Florida Man Sentenced To Five Years In Jail For Attempting To Extort Family Of Rep. Matt Gaetz

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Michael Ginsberg Congressional Correspondent
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A man was sentenced to more than five years in prison on Monday for attempting to extort $25 million from the family of Republican Florida Rep. Matt Gaetz.

Northern District of Florida Judge Casey Rodgers sentenced Stephen Alford to 63 months in federal prison and three years of probation to be served after his release. Alford pleaded guilty to one count of wire fraud in November 2021 in accordance with the scheme, although his lawyers and federal prosecutors argued over sentencing guidelines for several months, the Northwest Florida Daily News reported. Alford has served time in prison twice before as part of extortion schemes.

Gaetz announced in March 2021 that he and his family were being extorted in connection with a federal investigation into alleged sex trafficking. The three-term congressman denied wrongdoing, claiming that a former Justice Department official was extorting him. No former DOJ attorneys have been charged in the scheme, but a former official named by Gaetz represented Alford in the case. In addition, Alford acknowledged in his guilty plea that the congressman’s father, Don Gaetz, met with an individual dubbed “Attorney A” in connection with the scheme.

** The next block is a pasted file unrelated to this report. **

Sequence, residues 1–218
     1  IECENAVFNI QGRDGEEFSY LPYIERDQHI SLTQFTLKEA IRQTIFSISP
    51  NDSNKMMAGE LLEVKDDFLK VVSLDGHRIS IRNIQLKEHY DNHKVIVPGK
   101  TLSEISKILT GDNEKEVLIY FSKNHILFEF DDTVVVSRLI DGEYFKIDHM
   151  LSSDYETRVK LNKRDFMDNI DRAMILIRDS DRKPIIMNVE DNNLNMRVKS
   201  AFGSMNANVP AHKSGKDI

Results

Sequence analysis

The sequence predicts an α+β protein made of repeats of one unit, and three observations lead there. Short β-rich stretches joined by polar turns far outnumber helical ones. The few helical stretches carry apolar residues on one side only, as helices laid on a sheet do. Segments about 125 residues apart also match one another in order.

Gaetz’s office did not immediately respond to the Daily Caller’s request for comment on the matter. (RELATED: Florida Man Charged In $25 Million Extortion Scheme That Promised A Presidential Pardon For Matt Gaetz)

Alford and his associates promised Don Gaetz that in exchange for $25 million, they could secure a presidential pardon for Gaetz as part of the sex trafficking investigation. Former Seminole County, Florida tax collector Joel Greenberg pleaded guilty to sex trafficking a minor, and reportedly claimed in a letter to Republican operative Roger Stone that Gaetz had sex with a 17-year-old.

Alford claimed in correspondences with Don Gaetz that Matt Gaetz could help secure the release of Robert Levinson, an FBI agent believed to have died in Iranian captivity. Alford promised Don Gaetz that the $25 million would go toward funding his plan, dubbed Project Homecoming, and that Matt Gaetz would be able to fly back from Iran with Levinson. The Gaetz family’s participation in Project Homecoming would form the basis for the pardon, Alford claimed.